He was patiently explaining the service, one free dyeing per blouse material bought, when Sona, blushing, looked up and smiled appealingly. The shade card the young man was holding persuasively against the mother’s saris drooped. Confusion overtook him as he fell in love, and contemplated a future with this beauty by his side.

He flung the card away, and picked up the old blouses. Yes, of course, he could get them dyed and sent to her house in one day, and in order to secure a client’s good will, dyeing, delivery, all would be free. The shop was theirs, they only had to let him know how else he could serve them. All the while his eyes sought to convey that such sales talk would be, in this instance, the literal truth for the rest of his life.

He found out that the girl was from Meerut (he had to move fast, she might return before he could secure her), here for a wedding and wearing a sari for the first time (still unattached, obviously meant for him).

Alone, he held her Delhi address in hot sweaty hands and stared at her handwriting. The girl was reflected in the tidy round curves and careful lettering – now all it needed was a proposal.

Yashpal spent the night in the throes of love, and next morning presented the address to his father. At this place for a few days resided the girl on whom his happiness depended. His father should go and talk to the family without delay. If he could not marry her he would leave the shop and spend the rest of his life celibate, by the banks of the Ganges.

His parents did not take kindly to this threat. They were traditional business people. In order to remain financially secure, and ensure the family harmony that underpinned that security, marriages were arranged with great care. The bride had to bring a dowry, come from the same background, and understand the value of togetherness. Falling in love was detrimental to these interests. How was it that their son, so sensible, had forgotten this?

‘The girl must have done black magic to ensnare him,’ wailed the boy’s mother. ‘Otherwise would he go against his own family after seeing her face for a second? Tell him not to bother leaving the house. I myself will disappear to make way for the wretch he prefers before us all.’

Her husband recognised the shock that made her talk-such rubbish. He himself was disturbed. He had hoped for an alliance from one of the better cloth shops in Karol Bagh, Sadar Bazar or Chandni Chowk. Perhaps he should not have waited so long to marry his son, already past twenty-five. At that age he had been a father. But circumstances had stepped in, shaken the family, along with a continent, and irrevocably altered the life he had known.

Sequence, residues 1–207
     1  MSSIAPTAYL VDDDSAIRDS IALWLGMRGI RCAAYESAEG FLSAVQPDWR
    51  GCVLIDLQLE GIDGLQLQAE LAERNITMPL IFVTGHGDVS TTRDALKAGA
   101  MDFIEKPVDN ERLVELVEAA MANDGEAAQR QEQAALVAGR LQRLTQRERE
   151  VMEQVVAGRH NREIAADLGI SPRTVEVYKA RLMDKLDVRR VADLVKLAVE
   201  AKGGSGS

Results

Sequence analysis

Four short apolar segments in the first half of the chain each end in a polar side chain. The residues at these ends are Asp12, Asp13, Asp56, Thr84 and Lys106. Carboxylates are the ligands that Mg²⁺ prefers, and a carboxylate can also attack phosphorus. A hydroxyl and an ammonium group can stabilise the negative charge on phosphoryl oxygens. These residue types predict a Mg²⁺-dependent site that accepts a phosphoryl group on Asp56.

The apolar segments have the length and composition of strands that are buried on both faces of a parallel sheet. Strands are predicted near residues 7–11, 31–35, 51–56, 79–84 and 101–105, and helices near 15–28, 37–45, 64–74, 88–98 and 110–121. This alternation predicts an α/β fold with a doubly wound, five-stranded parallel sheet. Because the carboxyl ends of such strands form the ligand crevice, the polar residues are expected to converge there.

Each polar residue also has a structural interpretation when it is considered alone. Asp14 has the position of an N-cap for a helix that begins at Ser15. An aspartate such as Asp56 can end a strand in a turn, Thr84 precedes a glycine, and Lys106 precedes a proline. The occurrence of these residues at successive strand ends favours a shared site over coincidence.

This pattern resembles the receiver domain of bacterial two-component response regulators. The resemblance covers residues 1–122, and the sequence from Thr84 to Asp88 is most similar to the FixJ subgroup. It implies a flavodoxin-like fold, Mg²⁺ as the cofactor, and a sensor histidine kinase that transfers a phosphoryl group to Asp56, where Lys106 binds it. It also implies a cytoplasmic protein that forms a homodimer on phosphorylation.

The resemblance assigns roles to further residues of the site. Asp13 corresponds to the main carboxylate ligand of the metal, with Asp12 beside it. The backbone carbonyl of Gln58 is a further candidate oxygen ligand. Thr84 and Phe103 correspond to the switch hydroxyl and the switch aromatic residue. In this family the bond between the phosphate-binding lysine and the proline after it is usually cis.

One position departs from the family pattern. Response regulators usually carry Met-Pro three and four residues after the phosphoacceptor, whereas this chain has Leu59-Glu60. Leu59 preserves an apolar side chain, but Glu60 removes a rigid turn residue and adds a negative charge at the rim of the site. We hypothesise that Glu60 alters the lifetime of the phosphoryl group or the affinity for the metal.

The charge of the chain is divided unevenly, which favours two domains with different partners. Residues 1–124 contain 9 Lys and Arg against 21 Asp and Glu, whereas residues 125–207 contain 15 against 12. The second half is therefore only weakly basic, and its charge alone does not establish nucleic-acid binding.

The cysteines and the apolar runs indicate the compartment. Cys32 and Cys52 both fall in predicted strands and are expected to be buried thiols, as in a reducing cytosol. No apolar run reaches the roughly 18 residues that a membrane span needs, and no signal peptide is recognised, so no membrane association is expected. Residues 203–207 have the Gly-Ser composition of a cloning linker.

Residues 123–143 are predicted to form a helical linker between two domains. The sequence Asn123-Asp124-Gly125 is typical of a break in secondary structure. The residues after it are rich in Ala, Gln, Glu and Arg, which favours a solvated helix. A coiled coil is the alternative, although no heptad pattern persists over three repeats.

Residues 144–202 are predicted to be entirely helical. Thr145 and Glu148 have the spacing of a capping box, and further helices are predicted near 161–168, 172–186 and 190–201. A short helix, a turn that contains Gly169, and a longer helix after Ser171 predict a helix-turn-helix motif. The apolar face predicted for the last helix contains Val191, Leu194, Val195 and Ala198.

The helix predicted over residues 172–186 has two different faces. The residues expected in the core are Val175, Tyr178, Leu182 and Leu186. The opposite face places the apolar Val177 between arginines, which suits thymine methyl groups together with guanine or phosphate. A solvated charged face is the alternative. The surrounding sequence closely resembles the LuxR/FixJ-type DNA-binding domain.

Lala Banwari Lal, the family head, had a deep belief in fate. Before Partition, his had been one of the largest cloth shops in Anarkalli, the famous commercial district of Lahore. However, fate had seen fit to teach him that in this world nothing is permanent. His shop had been one of the first to be destroyed, but amid the slaughter that raged, his family survived, and grief for material loss assumed a less significant place in his scheme of life.

With his seven-year-old son, two-year-old daughter, pregnant wife, and wife’s jewellery, they crossed the border into their new, wizened nation. First they were sent to a camp in Amritsar, then Delhi, to finally arrive in Karol Bagh. The jewellery was sold, a house bought, and a shop rented within walking distance on Ajmal Khan Road.

Which was a good thing because Banwari Lal was not about to waste money on even a cycle in the early days. All his profits were poured back into the shop. The family never took holidays. Their main entertainments were eating and an occasional trip to the local cinema. The clothes they wore had everything to do with shop leftovers and wholesale prices.

Lala Banwari Lal allowed no regret to weigh down his attempt at rebuilding their lives. At thirty-two he felt great rage at being forced to start again, but that made it all the more necessary to bury his feelings in the determination to recreate every brick, every shelf, every thread of that which had formed the substance of his life from the age of fourteen.